Battered palm oil prices managed a positive close, underpinned
by talk of government action to support the market, despite data showing
Malaysia's inventories had set a record even more convincingly than investors
Malaysia's palm oil stocks soared 17.4% last month to an
all-time high of 2.48m tonnes, a rise even stronger than analysts had expected,
data from the Malaysian Palm Oil Board, the official regulator, showed.
The increase reflected both a bigger-than-forecast rise in
output, to 2.00m tonnes, and a weaker-than-expected increase in export demand,
with shipments reaching 1.51m tonnes.
And data from cargo surveyors showed a drop in Malaysian palm
exports so far this month, although Societe Generale de Surveillance, pegging
the drop at 8.7%, and Intertek, at 1%, disagreed over the extent of the
However large the drop, it showed that "right now, there is
no evidence" of a slump of more than 20% in prices from a late-August high to a
three-year low last week stimulating demand from importers, Rabobank commodity
analyst Erin FitzPatrick said.
Nonetheless, Kuala Lumpur's benchmark palm oil futures
contract recovered early losses to end 0.8% higher at 2,457 ringgit a tonne.
The revival was sparked in part by hopes that Malaysia will
review its export taxes, to render its shipments more competitive with those of
Indonesia, the top-ranked palm oil producer.
Malaysia palm oil data, Sept change on month and (on market forecasts)
Output: 2.004m tonnes, +20%, (+0.4%)
Exports: 1.506m tonnes, +4.5%, (-0.3%)
Stocks: 2.481m tonnes, +17.4%, (+0.7%)
Sources: MPOB, ThomsonReuters
Furthermore, Bernard Dompok, Malaysia's plantations
industries and commodities minister, who met his Indonesian peer on Monday,
signalled joint action from by countries to underpin prices.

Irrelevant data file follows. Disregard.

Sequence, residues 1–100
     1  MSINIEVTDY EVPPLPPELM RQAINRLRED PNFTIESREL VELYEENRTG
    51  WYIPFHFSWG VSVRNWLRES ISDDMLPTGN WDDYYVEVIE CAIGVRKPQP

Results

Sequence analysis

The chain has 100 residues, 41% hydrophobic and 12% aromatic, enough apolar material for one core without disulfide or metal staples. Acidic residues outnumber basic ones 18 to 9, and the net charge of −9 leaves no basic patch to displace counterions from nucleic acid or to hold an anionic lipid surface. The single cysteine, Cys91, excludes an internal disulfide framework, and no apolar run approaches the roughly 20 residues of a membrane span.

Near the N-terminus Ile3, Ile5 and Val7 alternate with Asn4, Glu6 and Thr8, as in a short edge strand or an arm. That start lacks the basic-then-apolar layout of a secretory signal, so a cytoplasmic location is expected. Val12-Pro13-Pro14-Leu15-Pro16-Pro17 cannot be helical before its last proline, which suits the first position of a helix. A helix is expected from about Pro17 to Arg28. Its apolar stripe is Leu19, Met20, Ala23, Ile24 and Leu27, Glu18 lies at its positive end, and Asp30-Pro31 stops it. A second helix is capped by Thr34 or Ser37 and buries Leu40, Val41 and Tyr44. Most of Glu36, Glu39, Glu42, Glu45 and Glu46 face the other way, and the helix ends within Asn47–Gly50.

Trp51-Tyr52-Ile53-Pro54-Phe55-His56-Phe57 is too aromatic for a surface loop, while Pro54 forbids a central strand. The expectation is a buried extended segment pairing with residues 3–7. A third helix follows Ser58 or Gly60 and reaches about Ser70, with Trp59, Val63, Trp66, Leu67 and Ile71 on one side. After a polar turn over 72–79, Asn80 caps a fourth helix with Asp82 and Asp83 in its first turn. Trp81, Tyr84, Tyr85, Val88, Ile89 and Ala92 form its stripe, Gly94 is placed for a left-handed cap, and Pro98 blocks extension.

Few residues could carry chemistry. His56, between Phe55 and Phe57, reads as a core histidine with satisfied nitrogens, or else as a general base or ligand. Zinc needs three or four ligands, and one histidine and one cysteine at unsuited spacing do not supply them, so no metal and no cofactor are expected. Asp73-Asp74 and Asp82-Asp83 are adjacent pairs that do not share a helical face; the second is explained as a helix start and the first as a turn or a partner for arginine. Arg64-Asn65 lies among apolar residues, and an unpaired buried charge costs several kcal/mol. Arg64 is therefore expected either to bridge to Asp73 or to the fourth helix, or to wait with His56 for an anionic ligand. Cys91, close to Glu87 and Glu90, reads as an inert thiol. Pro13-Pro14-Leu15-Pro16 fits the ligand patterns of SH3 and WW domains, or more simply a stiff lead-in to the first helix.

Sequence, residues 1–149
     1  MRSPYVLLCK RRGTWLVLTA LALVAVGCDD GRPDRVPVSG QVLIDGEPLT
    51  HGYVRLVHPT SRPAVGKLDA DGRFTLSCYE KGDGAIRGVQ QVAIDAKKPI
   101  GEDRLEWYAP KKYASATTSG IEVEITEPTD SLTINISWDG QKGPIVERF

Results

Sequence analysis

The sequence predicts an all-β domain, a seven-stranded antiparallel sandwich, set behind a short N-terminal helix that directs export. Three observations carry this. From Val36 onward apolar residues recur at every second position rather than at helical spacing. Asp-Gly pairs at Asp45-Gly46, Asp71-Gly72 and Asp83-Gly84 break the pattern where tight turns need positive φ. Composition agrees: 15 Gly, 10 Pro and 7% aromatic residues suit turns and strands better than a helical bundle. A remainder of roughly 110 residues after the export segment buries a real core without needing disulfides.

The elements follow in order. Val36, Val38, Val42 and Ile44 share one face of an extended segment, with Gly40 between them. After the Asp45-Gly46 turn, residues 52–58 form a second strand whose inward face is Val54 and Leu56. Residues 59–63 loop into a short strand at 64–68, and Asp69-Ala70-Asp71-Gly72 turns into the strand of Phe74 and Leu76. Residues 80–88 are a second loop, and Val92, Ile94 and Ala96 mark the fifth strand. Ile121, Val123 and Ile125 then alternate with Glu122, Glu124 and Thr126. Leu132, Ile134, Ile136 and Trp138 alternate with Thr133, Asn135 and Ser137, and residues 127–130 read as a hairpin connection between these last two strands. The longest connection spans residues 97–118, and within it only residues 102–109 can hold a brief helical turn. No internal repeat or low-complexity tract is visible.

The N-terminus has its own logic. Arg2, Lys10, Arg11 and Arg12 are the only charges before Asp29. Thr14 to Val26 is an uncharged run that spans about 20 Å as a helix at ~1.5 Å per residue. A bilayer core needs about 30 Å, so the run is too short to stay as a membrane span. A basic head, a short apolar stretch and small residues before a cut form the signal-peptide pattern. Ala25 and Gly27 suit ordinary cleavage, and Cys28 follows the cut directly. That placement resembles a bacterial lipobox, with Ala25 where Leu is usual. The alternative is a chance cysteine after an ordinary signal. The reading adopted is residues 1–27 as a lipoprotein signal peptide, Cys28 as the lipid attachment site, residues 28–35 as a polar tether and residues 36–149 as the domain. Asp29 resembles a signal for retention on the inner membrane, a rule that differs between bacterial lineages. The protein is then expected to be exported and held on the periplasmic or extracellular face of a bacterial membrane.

While failing to specify measures being considered, Mr Dompok's
comments have raised hopes of measures to tackle the rise in supply as well as
demand, with talk of measures such as encouraging tree replantings, so reducing
temporarily the extent of productive plantations.
Palm oil futures "regained strength on the positive note
that Malaysia and Indonesia will try to limit production as measure to boost
prices", Ker Chung Yang, at Singapore-based broker Phillip Futures, said.
The rise in Malaysian palm production reflected a rise in
oil yield to 0.41 tonnes per hectare, the highest since 2009, and representing
the first time this year that the result has risen above five-year average
levels, according to Rabobank.
Meanwhile, demand is set to "remain lacklustre" thanks to an
improved outlook for oilseed production in India, a major palm importer, and "uncertainty"
over growth in Europe's biodiesel industry, amid an anti-dumping probe and
question marks over double counting allowances.
Palm oil prices look set to "remain under pressure", Ms FitzPatrick
said, adding that she was "now pessimistic" over values recovering to the
average of 2,800 ringgit a tonne in this quarter, 3,000 a tonne in the first
three months of 2013 and 3,100 ringgit a tonne in the April-to-June period that
the bank has forecast.